FIG. 6 is a partial sectional view of the tray of FIG. 3 taken along lines 6-6, showing movement of the bail member 22′ from the nest position to the high stack position. As shown, the support portion 24′ of the bail member 22′ is positioned outwardly of the upper portion 44 a′ of the first side wall 16 a′ when the bail member 22′ is in the nest position. The bail member 22′ can be moved from the nest position to the high stack position in the high notch 54′ of the end wall 14′ in the direction shown. The bail member 22′ is pivoted only slightly about the pin 28′ during the movement. The elongated pin 28′ is captured in the slot 30′ in the outer wall 38′ of the end wall 14′ (the slot 30′ and pin 28′ are shown in phantom, as they are behind the inner wall 36′ in this view). The slot 30′ includes a generally horizontal first portion 30 a′ continuous with a sloped second portion 30 b′, which is continuous with a generally horizontal, short third portion 30 c′. During movement of the bail member 22′ from the nest position to the high stack position, the pin 28′ moves from one end of the first portion 30 a′ to the opposite end of the first portion 30 a′, adjacent the second portion 30 b′. The pin 28′ is elongated horizontally in order to limit rotation of the pin 28′ within the slot 30′.

As can be seen in FIG. 6, the support portion 24′ of the bail member 22′ has a vertically elongated cross section, which provides more stiffness in the vertical direction. Thus, the support portion 24′ of the bail member 22′ at least substantially maintains this orientation in the high stack position (FIG. 6) and in the low stack position (FIG. 7). As shown with reference to the bail member 22 of the lower tray 10 (not shown in FIG. 6), the support portion 24 of the bail member 22 is received in the channel 60′ formed on the underside of the floor 12′ and contacts the floor 12′ to provide support.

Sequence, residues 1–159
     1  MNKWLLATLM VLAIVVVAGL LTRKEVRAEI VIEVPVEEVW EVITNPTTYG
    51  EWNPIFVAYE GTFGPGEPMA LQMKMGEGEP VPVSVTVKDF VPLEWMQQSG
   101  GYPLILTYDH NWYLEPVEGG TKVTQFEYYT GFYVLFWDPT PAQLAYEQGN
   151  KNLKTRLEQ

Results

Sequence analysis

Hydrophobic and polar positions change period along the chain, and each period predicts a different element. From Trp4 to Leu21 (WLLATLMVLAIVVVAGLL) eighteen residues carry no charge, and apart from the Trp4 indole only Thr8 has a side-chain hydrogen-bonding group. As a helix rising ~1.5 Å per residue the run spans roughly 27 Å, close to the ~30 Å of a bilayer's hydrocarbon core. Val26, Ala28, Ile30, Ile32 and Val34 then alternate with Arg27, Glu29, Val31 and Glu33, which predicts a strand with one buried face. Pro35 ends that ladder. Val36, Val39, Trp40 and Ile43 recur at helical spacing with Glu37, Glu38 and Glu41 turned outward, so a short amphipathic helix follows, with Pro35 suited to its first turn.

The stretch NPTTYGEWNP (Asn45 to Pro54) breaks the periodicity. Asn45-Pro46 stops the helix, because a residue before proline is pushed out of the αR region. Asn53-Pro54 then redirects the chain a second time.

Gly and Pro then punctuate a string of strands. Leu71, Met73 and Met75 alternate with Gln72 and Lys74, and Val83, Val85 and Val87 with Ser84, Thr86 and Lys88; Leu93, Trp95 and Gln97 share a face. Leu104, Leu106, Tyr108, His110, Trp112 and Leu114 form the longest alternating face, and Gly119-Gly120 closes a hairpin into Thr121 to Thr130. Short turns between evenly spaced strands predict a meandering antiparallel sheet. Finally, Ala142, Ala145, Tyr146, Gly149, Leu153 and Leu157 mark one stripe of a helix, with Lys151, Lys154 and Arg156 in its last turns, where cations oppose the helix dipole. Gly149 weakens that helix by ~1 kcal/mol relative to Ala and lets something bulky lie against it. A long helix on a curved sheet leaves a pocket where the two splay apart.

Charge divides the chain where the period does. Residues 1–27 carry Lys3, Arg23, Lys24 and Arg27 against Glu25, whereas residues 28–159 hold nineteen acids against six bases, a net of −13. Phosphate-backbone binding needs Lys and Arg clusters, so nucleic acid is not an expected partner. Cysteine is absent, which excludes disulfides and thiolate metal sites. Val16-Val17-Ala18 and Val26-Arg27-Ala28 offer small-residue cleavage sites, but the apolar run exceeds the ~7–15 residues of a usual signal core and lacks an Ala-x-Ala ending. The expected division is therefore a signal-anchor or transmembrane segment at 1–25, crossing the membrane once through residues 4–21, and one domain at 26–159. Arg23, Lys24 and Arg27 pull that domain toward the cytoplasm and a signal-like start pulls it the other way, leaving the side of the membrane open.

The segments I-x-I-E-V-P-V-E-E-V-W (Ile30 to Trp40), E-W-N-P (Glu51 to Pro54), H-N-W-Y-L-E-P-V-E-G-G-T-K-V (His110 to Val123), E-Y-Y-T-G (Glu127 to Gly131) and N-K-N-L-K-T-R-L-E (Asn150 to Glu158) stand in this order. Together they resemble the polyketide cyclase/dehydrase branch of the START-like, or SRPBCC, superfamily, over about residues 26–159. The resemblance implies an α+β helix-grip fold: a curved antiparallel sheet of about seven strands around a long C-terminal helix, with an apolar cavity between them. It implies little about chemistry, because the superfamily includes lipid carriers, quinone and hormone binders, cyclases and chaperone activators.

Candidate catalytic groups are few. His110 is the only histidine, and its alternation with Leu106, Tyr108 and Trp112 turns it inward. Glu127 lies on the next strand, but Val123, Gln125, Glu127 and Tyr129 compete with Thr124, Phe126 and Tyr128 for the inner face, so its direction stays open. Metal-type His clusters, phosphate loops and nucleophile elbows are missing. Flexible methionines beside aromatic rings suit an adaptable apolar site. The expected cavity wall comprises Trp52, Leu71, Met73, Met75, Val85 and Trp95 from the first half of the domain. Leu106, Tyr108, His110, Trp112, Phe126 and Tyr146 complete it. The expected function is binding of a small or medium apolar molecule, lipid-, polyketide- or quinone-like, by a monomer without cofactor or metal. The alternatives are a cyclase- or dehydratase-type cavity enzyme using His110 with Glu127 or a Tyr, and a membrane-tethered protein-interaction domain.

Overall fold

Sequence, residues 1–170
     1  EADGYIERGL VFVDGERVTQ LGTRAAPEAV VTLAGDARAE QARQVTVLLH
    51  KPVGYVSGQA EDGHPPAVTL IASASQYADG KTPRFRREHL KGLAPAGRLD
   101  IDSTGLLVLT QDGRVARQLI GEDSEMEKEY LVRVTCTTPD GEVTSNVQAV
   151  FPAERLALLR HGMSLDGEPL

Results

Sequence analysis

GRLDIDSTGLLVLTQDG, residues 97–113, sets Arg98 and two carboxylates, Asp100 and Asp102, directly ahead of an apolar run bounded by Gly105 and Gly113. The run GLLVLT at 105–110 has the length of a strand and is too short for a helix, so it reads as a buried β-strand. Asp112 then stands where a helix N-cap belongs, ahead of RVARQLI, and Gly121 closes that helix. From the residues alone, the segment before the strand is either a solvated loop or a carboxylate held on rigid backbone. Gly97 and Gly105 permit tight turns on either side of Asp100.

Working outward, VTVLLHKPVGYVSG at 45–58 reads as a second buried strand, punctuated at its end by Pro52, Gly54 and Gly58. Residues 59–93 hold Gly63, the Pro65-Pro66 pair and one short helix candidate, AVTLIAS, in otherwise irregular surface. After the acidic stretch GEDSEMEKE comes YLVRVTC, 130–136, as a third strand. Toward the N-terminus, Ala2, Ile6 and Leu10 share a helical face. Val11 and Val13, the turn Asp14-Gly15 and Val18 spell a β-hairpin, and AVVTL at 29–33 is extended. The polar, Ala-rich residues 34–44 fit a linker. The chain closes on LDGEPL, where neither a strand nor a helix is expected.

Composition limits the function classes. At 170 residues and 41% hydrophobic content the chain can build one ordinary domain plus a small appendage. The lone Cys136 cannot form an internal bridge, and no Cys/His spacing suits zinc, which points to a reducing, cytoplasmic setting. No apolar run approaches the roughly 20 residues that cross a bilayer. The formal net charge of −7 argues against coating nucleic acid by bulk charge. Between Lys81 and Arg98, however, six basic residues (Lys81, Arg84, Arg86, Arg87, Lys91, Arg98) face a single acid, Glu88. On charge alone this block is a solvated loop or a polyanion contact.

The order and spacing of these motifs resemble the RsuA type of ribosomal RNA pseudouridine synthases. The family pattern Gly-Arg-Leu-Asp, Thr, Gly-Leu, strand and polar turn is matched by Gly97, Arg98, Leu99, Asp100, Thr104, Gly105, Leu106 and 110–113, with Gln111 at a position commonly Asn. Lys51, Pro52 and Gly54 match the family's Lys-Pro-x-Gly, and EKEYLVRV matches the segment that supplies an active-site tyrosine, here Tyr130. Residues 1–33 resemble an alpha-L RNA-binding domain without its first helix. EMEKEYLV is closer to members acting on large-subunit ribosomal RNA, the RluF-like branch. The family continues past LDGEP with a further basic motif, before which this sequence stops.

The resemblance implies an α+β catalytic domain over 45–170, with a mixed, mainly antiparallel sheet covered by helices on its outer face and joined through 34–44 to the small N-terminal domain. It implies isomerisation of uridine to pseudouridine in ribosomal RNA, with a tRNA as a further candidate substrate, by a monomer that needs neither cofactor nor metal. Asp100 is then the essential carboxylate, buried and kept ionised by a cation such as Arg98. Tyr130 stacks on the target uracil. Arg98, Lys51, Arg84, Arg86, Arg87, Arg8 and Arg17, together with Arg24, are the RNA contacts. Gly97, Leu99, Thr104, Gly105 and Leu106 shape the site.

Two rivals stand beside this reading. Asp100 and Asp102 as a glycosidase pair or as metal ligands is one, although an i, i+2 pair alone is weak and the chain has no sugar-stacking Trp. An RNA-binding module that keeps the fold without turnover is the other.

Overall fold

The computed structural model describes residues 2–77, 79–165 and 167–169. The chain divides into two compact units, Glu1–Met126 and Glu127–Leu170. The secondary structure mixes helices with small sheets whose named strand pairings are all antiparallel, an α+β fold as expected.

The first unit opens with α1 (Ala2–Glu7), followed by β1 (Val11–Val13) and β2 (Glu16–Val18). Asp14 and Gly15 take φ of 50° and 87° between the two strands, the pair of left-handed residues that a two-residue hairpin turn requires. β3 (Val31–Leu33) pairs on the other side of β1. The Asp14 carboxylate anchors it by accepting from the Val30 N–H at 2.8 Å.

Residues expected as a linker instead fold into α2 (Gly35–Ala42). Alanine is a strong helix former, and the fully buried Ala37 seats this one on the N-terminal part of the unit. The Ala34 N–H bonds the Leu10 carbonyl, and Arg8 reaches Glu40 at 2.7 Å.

FIG. 7 is a view similar to that of FIG. 6, but showing movement of the bail member 22′ from the nest position to the low stack position, which is also partial sectional view taken along lines 7-7 of FIG. 5. During the movement, the pin 28′ slides through the first portion 30 a′ of the slot 30′. The bail member 22′ is then pivoted so that the pin 28′ can slide through the second portion 30 b′ of the slot 30′ to the third portion 30 c′ where the pin 28′ returns to its horizontal orientation and, correspondingly, the support portion 24′ of the bail member 22′ returns to its vertical orientation in the low notch 56′. Since the pin 28′ and the support portion 24′ have both been moved down the same distance, the orientations of the pin 28′ and the support portion 24′ are unchanged. Again referring to the bail member 22 of the lower tray 10 (not shown in FIG. 7), the support portion 24 is received within the channel 60′ and contacts the floor 12′ to support the floor 12′.

FIG. 8 is a top view of the tray 10 of FIG. 1 with the bail members 22 in the nest position outside the side walls 16 a,b.

FIG. 9 is a perspective view of a tray 110 according to a second embodiment of the invention showing the bail members 122 in multiple positions. To the extent not otherwise described or illustrated, the tray 110 is identical to that of FIG. 1 and like reference numerals will be used where possible, with a “1” preappended. The tray 110 includes side walls 116 a,b. In this embodiment, the bail members 122 are vertically aligned with the upper portions 144 a,b of the side walls 116 a,b when in the nest position. This decreases the overall footprint of the tray 110 in the nested position.

FIG. 10 is a perspective view of the tray 110 of FIG. 9 nested in a similar tray 110″ and with a similar tray 110′ nested therein. In this embodiment, the band 50 (FIG. 1) of the first embodiment is removed so that the support portion 124 of the bail member 122 directly abuts the underside of the upper portions 144 a,b′ of the side walls 16 a,b′ and the outer surface of the lower portions 146 a, b′.